As the chart below shows, Exxon Mobil shares (in brown) have historically traded at higher valuation multiples than Chevron even though Chevron has higher gross, operating, EBITDA and net profit margins. However, over the past year, Exxon Mobil has delivered higher returns on assets (8.4% for XOM vs. 6.6% for CVX), equity (16.3% vs. 11.3%) and inventory (10.5% vs. 7.5%).
Chevron was downgraded from a Neutral rating to a Sell rating, with its share price target lowered from $110 to $99 by Goldman Sachs (GS) while Britain’s Barclays (BCS) maintained an Equal-weight rating and price target of $115. Research firms have not taken any recent action on Exxon Mobil but the company has an average rating of Hold with average price target of $93.61 and high price target of $113.
As of 5/22/2015, Chevron shares traded at a 27% premium to book value while Exxon Mobil shares traded at a 111% premium to book value. Chevron offers a deeper discount to investors over Exxon Mobil and, according to analysts, offers greater share price appreciation potential over the next 12 months.
Share Buybacks Paused At Both Companies
In January 2015, Chevron paused its share repurchase program for 2015 after spending $5 billion on buybacks in 2014. Chevron is now focused on maintaining dividends and increasing cash flows to counteract the dip in oil prices. From 2010 to 2014, Chevron repurchased $19 billion in shares.
Exxon Mobil also lowered its 2015 share repurchase program to $1 billion per quarter after repurchasing $3 billion in shares in Q4 2014. Management plans to emphasize capital investments to grow production as its long-term strategy. From 2010 to 2014, Exxon Mobil repurchased $85.5 billion in shares.
Both Are Dividend Aristocrats with Proven Long-Term Dividend Growth
Chevron has the fourth highest dividend yield and Exxon Mobil has the 7th highest dividend yield on S&P 500’s prestigious Dividend Aristocrats list.
Chevron declared a second quarter cash dividend of $1.07 per share, to be paid on June 10, 2015, to shareholders on record as of May 19, 2015. This dividend was unchanged compared to Q1 2015 but up 7% year-over-year. Chevron has consistently increased its annual dividend since 1993, when the company began paying dividends to shareholders. The company offers investors an annual dividend of $4.28 and a dividend yield of 3.9% (as of 5/22/2015).
Exxon Mobil declared a second quarter cash dividend of $0.73 per share, to be paid on June 10, 2015, to shareholders on record as of May 13, 2015. The latest dividend represents a year-over-year and quarter-over-quarter increase of 6%. Exxon Mobil has paid dividends since 1911 and increased dividends annually for the last 33 consecutive years. The company offers investors an annual dividend of $2.92 and a dividend yield of 3.4% (as of 5/22/2015).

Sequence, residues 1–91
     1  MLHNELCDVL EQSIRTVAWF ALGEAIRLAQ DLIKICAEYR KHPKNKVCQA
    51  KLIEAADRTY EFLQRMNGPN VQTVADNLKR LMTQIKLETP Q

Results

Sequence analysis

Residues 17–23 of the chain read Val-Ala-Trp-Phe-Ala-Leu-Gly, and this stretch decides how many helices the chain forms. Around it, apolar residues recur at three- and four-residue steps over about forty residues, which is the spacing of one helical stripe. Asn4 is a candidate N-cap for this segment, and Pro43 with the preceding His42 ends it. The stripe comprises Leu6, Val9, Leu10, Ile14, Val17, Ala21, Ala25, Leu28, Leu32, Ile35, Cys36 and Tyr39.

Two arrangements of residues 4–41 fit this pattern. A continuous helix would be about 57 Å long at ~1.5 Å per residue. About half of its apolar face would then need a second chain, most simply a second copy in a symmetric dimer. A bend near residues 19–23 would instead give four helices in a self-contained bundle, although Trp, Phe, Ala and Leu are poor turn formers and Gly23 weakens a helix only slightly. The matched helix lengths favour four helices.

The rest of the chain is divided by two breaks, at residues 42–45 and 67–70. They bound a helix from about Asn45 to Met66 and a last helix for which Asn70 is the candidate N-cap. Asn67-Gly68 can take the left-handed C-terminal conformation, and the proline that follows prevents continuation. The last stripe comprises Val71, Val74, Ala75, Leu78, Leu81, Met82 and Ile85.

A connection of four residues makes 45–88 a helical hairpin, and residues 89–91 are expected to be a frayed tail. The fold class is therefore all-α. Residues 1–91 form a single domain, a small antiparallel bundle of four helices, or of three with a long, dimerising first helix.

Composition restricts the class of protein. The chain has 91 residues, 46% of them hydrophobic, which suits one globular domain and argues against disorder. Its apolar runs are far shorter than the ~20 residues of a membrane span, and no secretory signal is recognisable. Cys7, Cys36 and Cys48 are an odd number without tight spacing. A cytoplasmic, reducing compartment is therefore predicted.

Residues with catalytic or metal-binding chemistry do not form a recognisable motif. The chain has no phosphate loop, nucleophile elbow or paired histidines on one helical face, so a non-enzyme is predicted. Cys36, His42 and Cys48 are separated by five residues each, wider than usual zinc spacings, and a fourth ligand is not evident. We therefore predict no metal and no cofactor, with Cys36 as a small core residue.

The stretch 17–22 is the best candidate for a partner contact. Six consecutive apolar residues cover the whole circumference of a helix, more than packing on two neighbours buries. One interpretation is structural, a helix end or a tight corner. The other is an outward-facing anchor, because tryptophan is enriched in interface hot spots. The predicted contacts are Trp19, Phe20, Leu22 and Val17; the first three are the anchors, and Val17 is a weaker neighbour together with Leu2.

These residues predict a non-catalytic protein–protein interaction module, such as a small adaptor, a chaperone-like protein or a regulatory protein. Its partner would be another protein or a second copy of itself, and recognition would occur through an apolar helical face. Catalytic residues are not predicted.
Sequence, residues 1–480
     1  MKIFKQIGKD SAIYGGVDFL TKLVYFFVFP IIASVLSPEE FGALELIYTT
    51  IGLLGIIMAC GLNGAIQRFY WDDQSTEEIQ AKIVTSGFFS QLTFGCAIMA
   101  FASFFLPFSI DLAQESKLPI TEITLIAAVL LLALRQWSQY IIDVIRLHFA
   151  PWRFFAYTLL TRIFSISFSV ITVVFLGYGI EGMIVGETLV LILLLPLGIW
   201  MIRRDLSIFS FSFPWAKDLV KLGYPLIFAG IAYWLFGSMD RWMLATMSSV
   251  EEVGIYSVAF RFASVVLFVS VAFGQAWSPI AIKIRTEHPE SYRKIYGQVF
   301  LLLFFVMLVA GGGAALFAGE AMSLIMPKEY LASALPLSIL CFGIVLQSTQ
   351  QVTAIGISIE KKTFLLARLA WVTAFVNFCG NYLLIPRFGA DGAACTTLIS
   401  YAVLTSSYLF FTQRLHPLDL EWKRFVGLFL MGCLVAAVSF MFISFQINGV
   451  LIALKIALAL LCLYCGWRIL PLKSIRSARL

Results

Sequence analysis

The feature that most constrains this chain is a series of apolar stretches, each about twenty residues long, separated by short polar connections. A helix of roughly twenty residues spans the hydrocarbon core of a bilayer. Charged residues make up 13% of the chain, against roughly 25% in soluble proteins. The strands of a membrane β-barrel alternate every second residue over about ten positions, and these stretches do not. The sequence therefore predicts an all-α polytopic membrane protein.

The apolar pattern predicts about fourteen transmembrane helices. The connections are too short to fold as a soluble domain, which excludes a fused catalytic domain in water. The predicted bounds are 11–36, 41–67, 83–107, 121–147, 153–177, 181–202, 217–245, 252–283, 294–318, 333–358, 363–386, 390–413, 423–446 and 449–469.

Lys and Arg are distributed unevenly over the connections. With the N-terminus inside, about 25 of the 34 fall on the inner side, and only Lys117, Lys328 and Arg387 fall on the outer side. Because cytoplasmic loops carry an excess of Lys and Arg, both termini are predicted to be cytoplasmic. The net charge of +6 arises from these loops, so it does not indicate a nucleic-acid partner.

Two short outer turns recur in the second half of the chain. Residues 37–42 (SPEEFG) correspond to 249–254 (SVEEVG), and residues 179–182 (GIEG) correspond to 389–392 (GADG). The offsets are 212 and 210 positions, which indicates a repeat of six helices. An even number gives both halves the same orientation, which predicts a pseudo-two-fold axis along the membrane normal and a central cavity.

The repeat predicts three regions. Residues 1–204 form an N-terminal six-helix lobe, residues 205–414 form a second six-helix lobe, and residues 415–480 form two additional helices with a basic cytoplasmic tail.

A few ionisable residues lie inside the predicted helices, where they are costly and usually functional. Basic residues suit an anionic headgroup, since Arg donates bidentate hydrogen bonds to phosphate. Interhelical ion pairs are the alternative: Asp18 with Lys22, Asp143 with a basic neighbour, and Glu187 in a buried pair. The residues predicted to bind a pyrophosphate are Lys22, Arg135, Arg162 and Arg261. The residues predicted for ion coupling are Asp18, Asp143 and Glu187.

Falling Oil Prices Have Impacted Margins at Both Companies
Both companies recently reported first quarter financial results for the three months ended March 31, 2015, with results hit hard by the slump in oil prices. Chevron reported total revenues of $34.56 billion (down 35%) and net income of $2.57 billion (down 43%), or $1.37 per share. Exxon Mobil reported total revenues of $67.62 billion (down 36%) and net income of $4.94 billion (down 46%), or $1.17 per share. The drop in revenues largely reflects the percentage drop in crude oil prices.
For the trailing twelve months as of March 31, 2015, Chevron had a profit margin of 9.96% while Exxon Mobil had a profit margin of 8.48%. But going forward, Wall Street believes Exxon Mobil is better positioned to boost profit margins.
Chevron Has Stronger Balance Sheet; Exxon Mobil Delivers Better Returns
As of March 31, 2015, Chevron had $12.68 billion in cash and cash equivalents, $29.45 billion in long-term debt and $155.8 billion in total stockholders’ equity while Exxon Mobil had $5.18 billion in cash and cash equivalents, $19.49 billion in long-term debt and $171.23 billion in total shareholders’ equity.
But as the graphs above show, Exxon Mobil has delivered higher returns on a larger asset base than Chevron.
At the end of the day, both companies represent compelling value and a formidable and growing dividend stream, so it’s hard to pick one over the other because they are both focused on revenue growth, dividend growth and have solid industry-leading positions. However, Exxon Mobil has historically delivered higher returns than Chevron and XOM shares have historically traded at higher valuation multiples than CVX. Analyst price targets also reflect neutral to greater upside for XOM but more of a bearish sentiment on CVX shares. Even so, it’s hard to pick a clear winner so investors could consider balancing their portfolio with an equal dollar-weighting on both companies for asset allocation within the oil and gas sector.